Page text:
Sorry in advance to all foodies that may have gotten here looking for the latest in oviparous food processing, but this review is for the Egg Beater pedals from Crank Brothers.
My introduction to clipless pedals began with Shimanos. They were set to a medium tension, and I fell down a lot learning how to use them. One time I crashed at a busy intersection and came out of my left shoe, my shoe still dangling in the pedal! It wasn’t till I put them on the loosest setting that I stopped hitting the dirt. The only problem with the loosest setting is that I came unclipped at times. Usually when trying to catch a little air.
I always thought the egg beaters were a cool design, but was wary of purchasing a pair. Most of my buddies had Shimanos, and it made it easy to swap bikes if we wanted. I had also seen a broken egg beater, and felt that my Shimanos were indestructible. Additionally, a friend of mine said that egg beaters, with their roundish shape, could roll on you when trying to clip in. I put my fears aside and purchased a pair of Egg Beater SL’s back in May, lured by the light weight.
It’s always fun to buy a new bicycle part, and Crank Brothers packaging really makes you feel like you just bought something special. I weighed the pedals before installing them, making sure they matched the advertised weight. They were right on. The SL’s weigh in at 266 grams per pair, compared to the Shimanos I was using at 380-430 grams per pair. That’s a 1/4 lb or more of weight (rotating mass) savings! Upon installation there was no adjusting them. There is only one spring tension, unlike the Shimanos that have several clicks of adjustment. This gave me a little concern before I tried them…what if I didn’t like the way they were set?
The final thing to do before riding was to install the cleats on my shoes. You can swap the cleats on the shoes to get different release angles. I chose the earlier release angle, and still have them that way to this day.
Once underway, clipping in to the Egg Beaters was just a little different than the Shimanos. Once you learn the slightly different technique and the pedal breaks in a bit, there is no more thinking about it. Click and you’re in! The four sided entry made it easy to clip in no matter which position the pedal was in. The tension turned out to be just perfect after an initial break in period. The effort to release from the pedals seems like it would work for beginners and more experienced riders alike.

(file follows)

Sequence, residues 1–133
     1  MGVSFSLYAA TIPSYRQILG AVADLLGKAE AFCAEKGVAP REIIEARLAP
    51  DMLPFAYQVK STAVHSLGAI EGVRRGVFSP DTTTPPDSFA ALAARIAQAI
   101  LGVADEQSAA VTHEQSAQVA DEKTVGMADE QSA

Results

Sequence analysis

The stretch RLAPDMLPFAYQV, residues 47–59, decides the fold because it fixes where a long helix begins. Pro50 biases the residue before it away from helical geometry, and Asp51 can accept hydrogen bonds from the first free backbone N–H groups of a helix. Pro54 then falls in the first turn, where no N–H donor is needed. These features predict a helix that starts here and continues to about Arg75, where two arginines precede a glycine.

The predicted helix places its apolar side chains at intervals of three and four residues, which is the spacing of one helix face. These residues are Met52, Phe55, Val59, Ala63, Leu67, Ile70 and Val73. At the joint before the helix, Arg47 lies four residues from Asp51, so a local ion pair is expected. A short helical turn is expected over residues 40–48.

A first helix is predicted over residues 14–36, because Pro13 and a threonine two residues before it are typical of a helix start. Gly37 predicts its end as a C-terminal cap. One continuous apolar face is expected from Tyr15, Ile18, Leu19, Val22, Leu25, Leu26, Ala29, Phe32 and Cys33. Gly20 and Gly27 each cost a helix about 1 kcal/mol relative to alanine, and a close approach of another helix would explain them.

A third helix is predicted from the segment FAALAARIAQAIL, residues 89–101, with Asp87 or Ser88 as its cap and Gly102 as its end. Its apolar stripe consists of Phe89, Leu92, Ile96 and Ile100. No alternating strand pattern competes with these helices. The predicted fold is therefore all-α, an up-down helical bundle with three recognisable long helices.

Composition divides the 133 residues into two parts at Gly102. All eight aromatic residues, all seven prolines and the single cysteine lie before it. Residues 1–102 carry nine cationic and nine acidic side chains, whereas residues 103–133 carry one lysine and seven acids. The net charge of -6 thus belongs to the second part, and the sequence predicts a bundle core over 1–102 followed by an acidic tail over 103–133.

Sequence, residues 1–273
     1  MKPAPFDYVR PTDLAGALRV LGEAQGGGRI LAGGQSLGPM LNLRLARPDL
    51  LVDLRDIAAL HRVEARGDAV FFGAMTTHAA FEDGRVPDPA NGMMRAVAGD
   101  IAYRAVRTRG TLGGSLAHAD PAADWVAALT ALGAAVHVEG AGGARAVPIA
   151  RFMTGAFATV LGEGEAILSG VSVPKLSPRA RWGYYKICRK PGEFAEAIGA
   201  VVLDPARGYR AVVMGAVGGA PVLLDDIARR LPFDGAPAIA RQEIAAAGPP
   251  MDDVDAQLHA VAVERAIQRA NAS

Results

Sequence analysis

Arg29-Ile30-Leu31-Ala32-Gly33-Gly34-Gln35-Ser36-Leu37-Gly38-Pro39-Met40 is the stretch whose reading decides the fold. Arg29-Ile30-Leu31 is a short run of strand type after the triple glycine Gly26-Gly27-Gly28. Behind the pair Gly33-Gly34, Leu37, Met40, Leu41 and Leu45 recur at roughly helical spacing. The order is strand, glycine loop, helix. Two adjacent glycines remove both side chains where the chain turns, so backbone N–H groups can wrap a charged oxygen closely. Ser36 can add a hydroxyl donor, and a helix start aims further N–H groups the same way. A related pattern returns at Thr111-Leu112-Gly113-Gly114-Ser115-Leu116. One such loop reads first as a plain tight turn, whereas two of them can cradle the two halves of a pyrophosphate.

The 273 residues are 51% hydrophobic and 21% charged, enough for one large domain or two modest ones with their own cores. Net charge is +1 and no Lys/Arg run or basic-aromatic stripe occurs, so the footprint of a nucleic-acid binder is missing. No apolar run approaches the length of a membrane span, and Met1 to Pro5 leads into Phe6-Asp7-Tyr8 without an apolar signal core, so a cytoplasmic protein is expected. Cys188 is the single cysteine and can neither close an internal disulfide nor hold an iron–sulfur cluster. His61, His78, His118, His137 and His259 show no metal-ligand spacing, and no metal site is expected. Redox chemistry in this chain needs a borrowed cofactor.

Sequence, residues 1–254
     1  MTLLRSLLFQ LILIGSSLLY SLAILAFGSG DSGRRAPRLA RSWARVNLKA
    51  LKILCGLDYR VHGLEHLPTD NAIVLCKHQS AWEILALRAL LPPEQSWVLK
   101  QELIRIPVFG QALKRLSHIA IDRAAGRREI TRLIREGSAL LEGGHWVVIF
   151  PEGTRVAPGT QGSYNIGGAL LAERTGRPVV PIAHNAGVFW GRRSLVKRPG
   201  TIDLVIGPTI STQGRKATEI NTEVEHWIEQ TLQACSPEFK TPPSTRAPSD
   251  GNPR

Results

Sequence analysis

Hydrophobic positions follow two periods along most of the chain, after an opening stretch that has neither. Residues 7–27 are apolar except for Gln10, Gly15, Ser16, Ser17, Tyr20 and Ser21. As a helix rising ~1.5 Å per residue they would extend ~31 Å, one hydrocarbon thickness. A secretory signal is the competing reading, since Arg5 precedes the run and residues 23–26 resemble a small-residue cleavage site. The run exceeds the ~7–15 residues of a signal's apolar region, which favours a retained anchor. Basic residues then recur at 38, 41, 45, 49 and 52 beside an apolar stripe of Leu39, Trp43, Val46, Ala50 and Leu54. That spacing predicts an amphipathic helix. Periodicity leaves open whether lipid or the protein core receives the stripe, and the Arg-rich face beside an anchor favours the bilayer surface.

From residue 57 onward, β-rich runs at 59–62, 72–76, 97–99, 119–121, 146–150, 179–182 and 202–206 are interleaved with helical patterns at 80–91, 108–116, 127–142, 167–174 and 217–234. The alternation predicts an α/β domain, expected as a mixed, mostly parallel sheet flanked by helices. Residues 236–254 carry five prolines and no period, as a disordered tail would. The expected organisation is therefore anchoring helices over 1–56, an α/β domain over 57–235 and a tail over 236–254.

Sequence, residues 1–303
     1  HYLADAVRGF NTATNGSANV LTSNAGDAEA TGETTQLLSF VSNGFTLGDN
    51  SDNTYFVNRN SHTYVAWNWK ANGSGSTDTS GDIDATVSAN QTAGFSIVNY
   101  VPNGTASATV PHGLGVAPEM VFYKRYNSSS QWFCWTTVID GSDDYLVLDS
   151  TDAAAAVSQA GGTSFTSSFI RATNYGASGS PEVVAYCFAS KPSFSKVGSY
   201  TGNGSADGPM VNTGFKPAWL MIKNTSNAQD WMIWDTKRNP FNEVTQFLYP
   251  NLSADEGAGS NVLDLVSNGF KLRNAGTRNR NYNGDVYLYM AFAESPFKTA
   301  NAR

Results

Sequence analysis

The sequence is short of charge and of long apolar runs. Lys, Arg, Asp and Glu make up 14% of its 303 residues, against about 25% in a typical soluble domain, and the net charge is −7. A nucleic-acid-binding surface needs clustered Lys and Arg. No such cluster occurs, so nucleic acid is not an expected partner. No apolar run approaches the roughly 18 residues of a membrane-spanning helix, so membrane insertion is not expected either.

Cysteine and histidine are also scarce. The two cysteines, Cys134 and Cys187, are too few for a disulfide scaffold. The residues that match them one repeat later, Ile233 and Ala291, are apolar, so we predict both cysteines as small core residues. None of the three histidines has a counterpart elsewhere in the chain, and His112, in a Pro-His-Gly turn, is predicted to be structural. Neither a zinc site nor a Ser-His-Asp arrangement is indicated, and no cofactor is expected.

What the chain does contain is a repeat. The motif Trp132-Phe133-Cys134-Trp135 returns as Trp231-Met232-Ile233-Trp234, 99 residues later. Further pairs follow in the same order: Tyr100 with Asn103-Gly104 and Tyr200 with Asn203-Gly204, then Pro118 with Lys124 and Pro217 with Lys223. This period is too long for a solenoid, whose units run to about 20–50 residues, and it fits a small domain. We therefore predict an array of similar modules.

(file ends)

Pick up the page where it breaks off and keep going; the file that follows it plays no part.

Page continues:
One thing that I noticed right away in the increased float the pedals have. This refers to the angle you have to reach with your heel before your shoe will unclip from the pedal. A little float helps your foot go to its natural position, which is supposed to be easier on your knees too. I was surprised at my natural position. My left foot seems a bit toe in, while my right foot seems to be a little toe out. The Shimanos had very little float, and forced my feet into one position. Another cool thing is that even though the pedals have the extra float, I don’t recall ever unclipping unexpectedly!
I really started liking the SL’s, so I decided to outfit another bike with them. I didn’t feel like shelling out another $100 so I purchased the Egg Beater C’s for a bit less cash. The C’s weigh in slightly heavier at 294 grams per pair, but are still lighter than most other pedals on the market. It seems to me the only difference between the pedals is the weight. I can’t tell the difference in performance.
Aesthetically, the pedals go very well with single speed bikes. The pedals are a very simple design and compliment the simplicity of a fully rigid steel framed bicycle. They look pretty good on my geared bikes though too!
Some riders talk about a “hot spot” on their feet when using egg beaters due to the small platform size of the pedal. I may have experienced this once while on a long ride, coming down a downhill section, standing for an extended period of time. I may have just been tired and beat up though. Typically though, I have never felt any discomfort. It is good to point out though that Crank Brothers makes this design with various platform sizes surrounding the pedal, if you think this would be an issue for you. Your choice of shoe could also factor into the shoe/pedal comfort equation.
Going into winter I’m excited to try the egg beaters in the winter snow and mud. One thing the egg beaters are famous for are their ability to shed trail junk from the pedal. I’ve had experiences with the Shimanos where it was impossible to clip in after putting a foot down in the winter muck.
Well that’s a lot of words to say about a simple pair of pedals, but I really like these things. If you’re looking for a new pair of pedals or trying clipless pedals for the first time, go buy a pair. You won’t be disappointed!